Series: Brides of Lancaster County #1
Published by Barbour Pub. on 2006
Genres: Amish, Amish & Mennonite, Fiction, Romance
Miriam Stoltzfus is a young Pennsylvania Amish woman once filled with dreams for a future with a man who jilted her. Now she is known as the old maid schoolteacher with a heart of stone. Could a forbidden romantic friendship with an English newspaper reporter stir the embers of her heart? Or, will she follow the traditional path and settle for a marriage of convenience born out of the sake of a child? Either way, she must find the key to letting go of the bitterness that binds her ability to love.
Note: Kristin reads and reviews both Christian and secular fiction on A Simply Enchanted Life. Out of respect for my readers, I am including a content review. This content review will help you decide whether this book is suitable for you.
Christian or Secular: Christian
Trigger Warnings: None
A Merry Heart is book #1 in the Brides of Lancaster County series by Wanda E. Brunstetter. Other books in the series include Looking for a Miracle: Book #2, Plain, and Fancy: Book #3, The Hope Chest: Book #4.
I have to be honest, I really struggle to like people who are overly bitter. Miriam is one of those people. I’m this way in real life and with my fiction. I totally understand that some people cannot help feeling bitter. As a fairly optimistic person with a positive outlook on life, bitterness just makes me want to smack someone and tell them to snap out of it. I felt that way through much of this book. I wanted to reach into the pages, grab Miriam by the collar and give her a good shake.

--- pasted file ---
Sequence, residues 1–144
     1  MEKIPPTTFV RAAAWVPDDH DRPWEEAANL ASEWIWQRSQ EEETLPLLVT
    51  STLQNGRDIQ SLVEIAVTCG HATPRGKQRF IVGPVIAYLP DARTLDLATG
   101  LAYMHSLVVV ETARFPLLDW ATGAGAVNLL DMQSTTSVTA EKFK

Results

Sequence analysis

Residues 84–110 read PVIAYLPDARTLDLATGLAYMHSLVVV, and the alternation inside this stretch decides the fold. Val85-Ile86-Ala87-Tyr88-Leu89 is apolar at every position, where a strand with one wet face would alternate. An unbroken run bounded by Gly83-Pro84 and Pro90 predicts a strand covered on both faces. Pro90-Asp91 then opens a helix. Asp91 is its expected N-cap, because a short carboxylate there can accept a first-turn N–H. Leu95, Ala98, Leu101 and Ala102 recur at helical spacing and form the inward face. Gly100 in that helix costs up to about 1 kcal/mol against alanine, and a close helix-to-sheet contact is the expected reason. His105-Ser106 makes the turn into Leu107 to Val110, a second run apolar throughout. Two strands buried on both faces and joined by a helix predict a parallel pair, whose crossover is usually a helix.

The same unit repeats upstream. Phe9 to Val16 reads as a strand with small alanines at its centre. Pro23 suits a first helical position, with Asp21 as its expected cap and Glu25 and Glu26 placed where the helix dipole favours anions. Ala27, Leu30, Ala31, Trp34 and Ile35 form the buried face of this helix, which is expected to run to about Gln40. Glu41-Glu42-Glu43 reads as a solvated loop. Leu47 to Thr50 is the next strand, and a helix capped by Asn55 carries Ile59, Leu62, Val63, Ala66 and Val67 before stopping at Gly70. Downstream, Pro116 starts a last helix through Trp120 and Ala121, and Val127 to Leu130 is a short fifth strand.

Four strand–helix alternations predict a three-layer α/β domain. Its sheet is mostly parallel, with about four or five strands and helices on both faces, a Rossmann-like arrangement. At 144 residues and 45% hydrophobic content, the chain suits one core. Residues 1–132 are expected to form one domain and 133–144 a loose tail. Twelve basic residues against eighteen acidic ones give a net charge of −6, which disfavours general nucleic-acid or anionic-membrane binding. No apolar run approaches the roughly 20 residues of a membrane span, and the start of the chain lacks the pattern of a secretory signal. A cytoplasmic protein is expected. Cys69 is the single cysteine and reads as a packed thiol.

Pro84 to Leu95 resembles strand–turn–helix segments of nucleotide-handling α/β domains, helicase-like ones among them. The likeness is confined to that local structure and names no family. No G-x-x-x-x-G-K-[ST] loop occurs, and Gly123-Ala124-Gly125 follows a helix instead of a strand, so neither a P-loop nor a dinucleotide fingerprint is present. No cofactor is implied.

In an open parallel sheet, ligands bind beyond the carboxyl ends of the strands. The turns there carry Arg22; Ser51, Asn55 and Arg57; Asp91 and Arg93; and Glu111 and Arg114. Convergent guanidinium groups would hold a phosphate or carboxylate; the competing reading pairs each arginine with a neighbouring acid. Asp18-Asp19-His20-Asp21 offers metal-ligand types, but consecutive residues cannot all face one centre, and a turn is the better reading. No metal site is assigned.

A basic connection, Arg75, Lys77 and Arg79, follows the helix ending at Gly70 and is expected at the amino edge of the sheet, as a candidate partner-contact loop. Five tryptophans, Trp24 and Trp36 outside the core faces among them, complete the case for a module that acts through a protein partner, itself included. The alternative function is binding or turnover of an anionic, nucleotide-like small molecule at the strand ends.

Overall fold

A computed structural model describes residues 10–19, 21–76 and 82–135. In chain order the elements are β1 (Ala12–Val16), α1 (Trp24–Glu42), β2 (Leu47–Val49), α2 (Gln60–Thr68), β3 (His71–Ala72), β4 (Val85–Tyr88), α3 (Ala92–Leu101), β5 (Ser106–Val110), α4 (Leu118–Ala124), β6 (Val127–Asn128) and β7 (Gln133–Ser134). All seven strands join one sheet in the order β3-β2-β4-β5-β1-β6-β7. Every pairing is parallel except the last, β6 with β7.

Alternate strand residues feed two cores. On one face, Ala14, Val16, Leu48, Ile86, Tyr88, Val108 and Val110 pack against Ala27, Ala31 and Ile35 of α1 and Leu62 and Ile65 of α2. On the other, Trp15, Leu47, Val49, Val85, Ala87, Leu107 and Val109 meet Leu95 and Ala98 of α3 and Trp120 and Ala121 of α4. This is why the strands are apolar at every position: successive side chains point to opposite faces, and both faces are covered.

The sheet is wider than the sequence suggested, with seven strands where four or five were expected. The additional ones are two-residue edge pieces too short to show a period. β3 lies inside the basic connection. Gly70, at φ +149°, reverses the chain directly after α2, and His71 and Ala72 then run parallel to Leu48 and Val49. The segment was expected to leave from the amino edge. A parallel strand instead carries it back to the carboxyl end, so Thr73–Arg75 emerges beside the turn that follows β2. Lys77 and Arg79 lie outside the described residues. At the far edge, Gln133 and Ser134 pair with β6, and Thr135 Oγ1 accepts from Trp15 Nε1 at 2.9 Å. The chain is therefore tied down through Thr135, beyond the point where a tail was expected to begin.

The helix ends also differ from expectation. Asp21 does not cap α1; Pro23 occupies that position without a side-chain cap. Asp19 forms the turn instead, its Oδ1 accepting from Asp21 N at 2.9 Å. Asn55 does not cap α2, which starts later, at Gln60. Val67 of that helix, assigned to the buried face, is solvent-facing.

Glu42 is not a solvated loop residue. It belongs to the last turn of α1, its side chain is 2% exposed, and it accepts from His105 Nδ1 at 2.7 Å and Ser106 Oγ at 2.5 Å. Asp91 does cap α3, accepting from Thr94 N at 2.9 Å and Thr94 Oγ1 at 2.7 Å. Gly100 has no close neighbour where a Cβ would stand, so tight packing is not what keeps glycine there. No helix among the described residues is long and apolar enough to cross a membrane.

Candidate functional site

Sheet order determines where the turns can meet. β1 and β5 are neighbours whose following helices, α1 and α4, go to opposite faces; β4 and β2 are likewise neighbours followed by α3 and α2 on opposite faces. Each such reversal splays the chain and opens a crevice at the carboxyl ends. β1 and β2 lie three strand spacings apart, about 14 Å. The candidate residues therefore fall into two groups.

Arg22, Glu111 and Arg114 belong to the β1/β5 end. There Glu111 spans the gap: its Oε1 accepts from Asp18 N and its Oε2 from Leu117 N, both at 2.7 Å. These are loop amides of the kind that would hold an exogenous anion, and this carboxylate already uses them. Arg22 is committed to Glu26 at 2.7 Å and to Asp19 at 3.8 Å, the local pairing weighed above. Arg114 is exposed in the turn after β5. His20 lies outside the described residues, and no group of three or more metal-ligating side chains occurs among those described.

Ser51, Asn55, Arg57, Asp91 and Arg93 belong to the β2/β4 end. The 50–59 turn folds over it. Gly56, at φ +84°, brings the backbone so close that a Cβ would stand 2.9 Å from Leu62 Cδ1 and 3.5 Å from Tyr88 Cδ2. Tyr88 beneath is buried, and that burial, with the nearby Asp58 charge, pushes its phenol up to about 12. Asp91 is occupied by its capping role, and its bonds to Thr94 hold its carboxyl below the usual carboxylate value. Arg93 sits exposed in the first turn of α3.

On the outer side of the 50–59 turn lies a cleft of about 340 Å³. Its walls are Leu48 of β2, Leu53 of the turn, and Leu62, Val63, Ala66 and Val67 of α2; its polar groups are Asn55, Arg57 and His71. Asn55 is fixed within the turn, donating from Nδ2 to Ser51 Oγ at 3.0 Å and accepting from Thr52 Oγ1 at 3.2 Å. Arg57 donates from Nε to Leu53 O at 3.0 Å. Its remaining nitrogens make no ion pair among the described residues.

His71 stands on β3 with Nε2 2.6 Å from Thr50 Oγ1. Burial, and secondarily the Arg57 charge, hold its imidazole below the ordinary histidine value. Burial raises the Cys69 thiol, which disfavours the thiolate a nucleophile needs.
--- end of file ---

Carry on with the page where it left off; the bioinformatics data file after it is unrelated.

This book is based on Proverbs 17:22 which states that A merry heart doeth good like a medicine: but a broken spirit drieth the bones. Miriam’s family and friends were constantly pointing this out to her. I get where they were coming from but at the same time, I also feel like maybe Miriam needed to seek professional help. I felt that depression was downplayed. Who pines for an old boyfriend for years after a breakup? Oh, some people do that? Maybe I’m just cold-hearted? I might have cried for a couple of weeks over old boyfriends but then I was okay. Crying for years and condemning yourself to a life as an old maid is not the typical response to a breakup. No, I truly feel that Miriam was already depressed and then tragic events further damaged her spirit.
However, I did love the underlying message of hope in the salvation of Christ. I just don’t want anyone to get the idea that becoming a Christian automatically takes care of every problem. Have I known people who were healed of depression by the Lord? Yes, I absolutely do. But I also know people who still battle and still fight with it.
Overall, I liked the book. Despite the struggle with Miriam, I began to love the story because I fell in love with the secondary characters, Amos, and his daughter. They made this book enjoyable for me. I just wish Miriam had seen their worth as early on as I did.